Texas Grid May Not Be Ready for Another Winter Storm, Some Experts Fear

By Darlene McCormick Sanchez
Darlene McCormick Sanchez
Darlene McCormick Sanchez
December 16, 2021 Updated: December 16, 2021

While Texas has passed legislation to strengthen the state’s electricity grid after a devastating winter storm last February, some in the energy sector worry that the state might not be ready if a similar storm strikes this winter.

Jason Modglin, president of the Texas Alliance of Energy Producers, said positive steps have been taken by the Texas legislature and state regulators, but the process takes time.

“We still remain concerned,” said Modglin. “There’s zero guarantee the actions will keep the power on if we get a big freeze.”

The Public Utility Commission (PUC) of Texas and Electric Reliability Council of Texas (ERCOT) outlined new actions on Dec. 7 to shore up the grid with a focus on natural gas. PUC, whose board is appointed by Texas Gov. Greg Abbott, has jurisdiction over ERCOT, which manages Texas’ independent electricity grid.

The action comes in wake of Winter Storm Uri, which swept through the state in February leaving ice, snow, and single-digit temperatures. As the demand for electricity spiked, energy production from all sectors plummeted due to lack of weatherization and failure to keep the power on to natural gas producers supplying electricity plants, among other reasons.

With less power and overwhelming demand, ERCOT was forced to initiate blackouts, resulting in millions of Texans left without power, a contributing factor to more than 200 deaths and billions in lost revenue.

Natural gas supplies 46 percent of the power to the Texas grid; 23 percent of the power comes from wind, 18 percent from coal, 11 percent from nuclear, and the remainder from other sources.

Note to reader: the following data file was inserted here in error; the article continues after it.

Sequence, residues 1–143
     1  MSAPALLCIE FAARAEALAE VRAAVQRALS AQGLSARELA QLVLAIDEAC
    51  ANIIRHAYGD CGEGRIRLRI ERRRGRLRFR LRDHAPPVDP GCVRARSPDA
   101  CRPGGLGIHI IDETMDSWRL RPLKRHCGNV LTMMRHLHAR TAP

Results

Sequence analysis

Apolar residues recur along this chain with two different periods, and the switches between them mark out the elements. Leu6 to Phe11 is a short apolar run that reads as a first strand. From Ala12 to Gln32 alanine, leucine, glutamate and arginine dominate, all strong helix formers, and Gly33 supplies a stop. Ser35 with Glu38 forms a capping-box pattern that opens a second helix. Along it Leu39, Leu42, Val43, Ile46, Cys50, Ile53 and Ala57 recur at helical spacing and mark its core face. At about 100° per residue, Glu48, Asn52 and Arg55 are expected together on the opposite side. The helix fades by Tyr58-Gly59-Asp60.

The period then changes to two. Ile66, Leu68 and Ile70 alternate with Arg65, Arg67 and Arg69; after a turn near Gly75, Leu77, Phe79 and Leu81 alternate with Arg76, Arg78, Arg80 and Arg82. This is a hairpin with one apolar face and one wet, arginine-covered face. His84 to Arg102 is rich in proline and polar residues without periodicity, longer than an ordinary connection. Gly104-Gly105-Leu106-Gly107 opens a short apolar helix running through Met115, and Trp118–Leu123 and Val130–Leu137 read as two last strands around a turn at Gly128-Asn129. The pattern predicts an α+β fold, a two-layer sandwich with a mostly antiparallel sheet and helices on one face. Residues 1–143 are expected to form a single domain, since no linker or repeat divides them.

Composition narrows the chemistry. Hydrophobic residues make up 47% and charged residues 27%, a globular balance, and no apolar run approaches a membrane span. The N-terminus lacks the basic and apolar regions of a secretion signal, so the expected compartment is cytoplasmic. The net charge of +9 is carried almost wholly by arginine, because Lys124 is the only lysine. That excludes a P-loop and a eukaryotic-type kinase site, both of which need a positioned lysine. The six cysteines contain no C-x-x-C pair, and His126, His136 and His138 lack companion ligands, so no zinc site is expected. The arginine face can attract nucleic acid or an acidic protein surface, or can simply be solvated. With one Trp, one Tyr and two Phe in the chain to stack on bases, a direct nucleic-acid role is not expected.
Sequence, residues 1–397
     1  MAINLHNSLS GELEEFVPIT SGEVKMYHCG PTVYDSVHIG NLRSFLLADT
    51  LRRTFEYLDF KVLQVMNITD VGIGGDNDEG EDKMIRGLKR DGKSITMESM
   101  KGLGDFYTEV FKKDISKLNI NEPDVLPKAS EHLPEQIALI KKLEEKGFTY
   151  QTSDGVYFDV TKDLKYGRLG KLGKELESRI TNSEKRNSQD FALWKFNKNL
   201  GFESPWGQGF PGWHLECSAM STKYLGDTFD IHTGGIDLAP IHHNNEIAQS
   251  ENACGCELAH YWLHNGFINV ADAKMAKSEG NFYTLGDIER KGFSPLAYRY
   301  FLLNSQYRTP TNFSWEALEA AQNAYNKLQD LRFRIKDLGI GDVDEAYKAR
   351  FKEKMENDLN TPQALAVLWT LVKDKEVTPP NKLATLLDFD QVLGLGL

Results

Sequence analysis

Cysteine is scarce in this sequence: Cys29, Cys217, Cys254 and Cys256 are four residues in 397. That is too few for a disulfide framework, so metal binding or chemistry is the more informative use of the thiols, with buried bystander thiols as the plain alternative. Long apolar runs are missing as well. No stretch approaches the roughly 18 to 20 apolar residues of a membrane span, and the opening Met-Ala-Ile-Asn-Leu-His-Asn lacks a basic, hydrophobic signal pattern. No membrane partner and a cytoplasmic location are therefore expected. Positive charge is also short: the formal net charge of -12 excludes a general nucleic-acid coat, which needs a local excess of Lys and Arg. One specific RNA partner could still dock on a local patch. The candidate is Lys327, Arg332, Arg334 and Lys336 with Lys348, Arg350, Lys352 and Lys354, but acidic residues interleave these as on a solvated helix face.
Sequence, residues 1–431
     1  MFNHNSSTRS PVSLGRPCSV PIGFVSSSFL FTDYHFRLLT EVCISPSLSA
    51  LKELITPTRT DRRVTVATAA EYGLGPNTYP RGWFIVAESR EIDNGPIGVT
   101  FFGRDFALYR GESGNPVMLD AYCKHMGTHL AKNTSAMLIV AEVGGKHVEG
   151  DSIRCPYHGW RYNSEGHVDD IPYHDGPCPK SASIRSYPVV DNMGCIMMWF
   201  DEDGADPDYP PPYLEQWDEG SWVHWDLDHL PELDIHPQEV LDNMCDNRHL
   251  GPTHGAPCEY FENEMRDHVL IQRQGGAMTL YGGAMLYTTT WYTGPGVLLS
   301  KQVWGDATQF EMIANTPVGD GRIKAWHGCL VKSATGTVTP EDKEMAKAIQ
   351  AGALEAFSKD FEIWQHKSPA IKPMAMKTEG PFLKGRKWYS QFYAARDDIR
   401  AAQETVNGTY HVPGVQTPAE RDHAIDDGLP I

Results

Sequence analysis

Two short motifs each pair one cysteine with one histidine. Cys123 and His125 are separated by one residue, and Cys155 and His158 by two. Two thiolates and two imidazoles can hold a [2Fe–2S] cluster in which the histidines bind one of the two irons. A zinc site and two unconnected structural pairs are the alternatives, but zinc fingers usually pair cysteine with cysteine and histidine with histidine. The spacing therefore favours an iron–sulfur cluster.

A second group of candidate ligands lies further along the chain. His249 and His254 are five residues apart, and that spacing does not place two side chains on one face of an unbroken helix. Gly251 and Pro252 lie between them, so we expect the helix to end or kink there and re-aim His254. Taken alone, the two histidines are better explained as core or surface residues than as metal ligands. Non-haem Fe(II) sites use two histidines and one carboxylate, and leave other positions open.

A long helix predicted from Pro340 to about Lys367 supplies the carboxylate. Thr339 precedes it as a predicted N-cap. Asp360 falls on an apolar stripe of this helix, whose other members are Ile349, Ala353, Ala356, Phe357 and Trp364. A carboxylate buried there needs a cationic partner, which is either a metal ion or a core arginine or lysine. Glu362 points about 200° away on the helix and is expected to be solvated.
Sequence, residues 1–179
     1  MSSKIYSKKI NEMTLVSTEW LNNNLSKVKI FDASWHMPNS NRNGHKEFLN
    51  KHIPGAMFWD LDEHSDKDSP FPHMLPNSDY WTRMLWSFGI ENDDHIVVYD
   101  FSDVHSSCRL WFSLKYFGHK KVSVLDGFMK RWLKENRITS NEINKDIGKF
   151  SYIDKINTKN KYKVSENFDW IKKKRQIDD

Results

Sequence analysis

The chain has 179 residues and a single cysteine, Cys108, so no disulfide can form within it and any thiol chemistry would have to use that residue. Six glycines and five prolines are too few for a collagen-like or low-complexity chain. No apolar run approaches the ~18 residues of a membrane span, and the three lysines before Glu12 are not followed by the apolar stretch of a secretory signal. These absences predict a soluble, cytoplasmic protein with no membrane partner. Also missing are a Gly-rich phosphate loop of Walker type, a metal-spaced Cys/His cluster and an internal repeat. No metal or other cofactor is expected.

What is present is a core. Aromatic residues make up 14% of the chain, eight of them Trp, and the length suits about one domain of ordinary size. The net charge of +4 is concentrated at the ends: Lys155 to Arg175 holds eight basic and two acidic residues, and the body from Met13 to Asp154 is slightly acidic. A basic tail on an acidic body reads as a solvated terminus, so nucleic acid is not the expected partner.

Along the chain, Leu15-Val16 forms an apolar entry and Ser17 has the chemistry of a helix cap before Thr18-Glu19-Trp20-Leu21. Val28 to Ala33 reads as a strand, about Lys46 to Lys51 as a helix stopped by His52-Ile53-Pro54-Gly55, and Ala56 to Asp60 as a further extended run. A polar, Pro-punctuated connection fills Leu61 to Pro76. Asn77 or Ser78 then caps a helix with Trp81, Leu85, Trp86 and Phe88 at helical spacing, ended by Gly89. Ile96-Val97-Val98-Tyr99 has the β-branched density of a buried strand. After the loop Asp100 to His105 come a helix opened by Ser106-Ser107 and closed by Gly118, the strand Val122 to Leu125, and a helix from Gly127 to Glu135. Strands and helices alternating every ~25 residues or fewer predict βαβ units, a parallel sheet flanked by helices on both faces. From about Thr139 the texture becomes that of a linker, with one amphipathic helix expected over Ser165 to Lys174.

Epoch Times Photo
The U.S. and Texas flags fly in front of high voltage transmission towers on February 21, 2021 in Houston, Texas. (Justin Sullivan/Getty Images)

The actions announced by ERCOT and PUC on Dec. 7 include the adoption of rules to identify natural gas facilities that are critical to the operation of the electric grid and increase penalties for power plants violating weatherization rules to $1 million per day per violation.

“The PUC is working at light speed to enhance our grid and ensure reliability for this winter,” PUC Chairman Peter Lake said in a press release on Dec. 8. “As a result of the combination of these efforts, the ERCOT grid today is stronger than ever.”

Mike Hoke, a PUC media spokesman, told The Epoch Times that companies were required to file a winter weather preparedness report with ERCOT by Dec. 1. PUC enforcement staff are already seeking penalties against eight companies for failure to file reports.

The Texas Railroad Commission adopted similar rules Nov. 30 for critical designation of natural gas infrastructure to help protect Texans in an energy emergency.

The new rules were part of the Texas legislature’s response to the February grid crisis. The legislative action requires upgrades for power generators and transmission lines to make them better withstand extreme weather.

The law also required entities to weatherize if deemed “critical” by natural gas regulators. The Texas Railroad Commission regulates natural gas and oil, while the Texas Public Utilities Commission regulates electric utilities for the state. Since gas is the main source of fuel for electricity, the two agencies are working together to strengthen the grid.

Epoch Times Photo
Power-lines are shown on June 15, 2021 in Ganado, Texas. (Brandon Bell/Getty Images)

Last winter, many natural gas companies failed to fill out paperwork that would have protected them from having their electricity cut during February’s winter storm.

Todd Staples, president of the Texas Oil & Gas Association, said it’s important to note that pre-storm, the ERCOT critical load designation paperwork excluded the majority of the natural gas supply chain.

“It was not intended to apply to field services,” he said, so during the storm those facilities lost power.

Staples said the revised form published in March includes more of the natural gas pipeline infrastructure, which facilitates the flow or transportation from large gas wells through pipelines to natural gas production facilities or power plants.

Since the form was revised to include more of the natural gas supply chain, more than 1,000 facilities have applied to be added to the list of critical facilities that won’t have their power cut off. The number will likely increase as the Jan. 15, 2022, deadline for designation approaches and the mapping of critical assets continues.

Mapping hundreds of thousands of assets will take time, and many operators are charting their assets internally to assist in the process. Both the RRC and PUC are working to expedite the process ahead of statutory deadlines.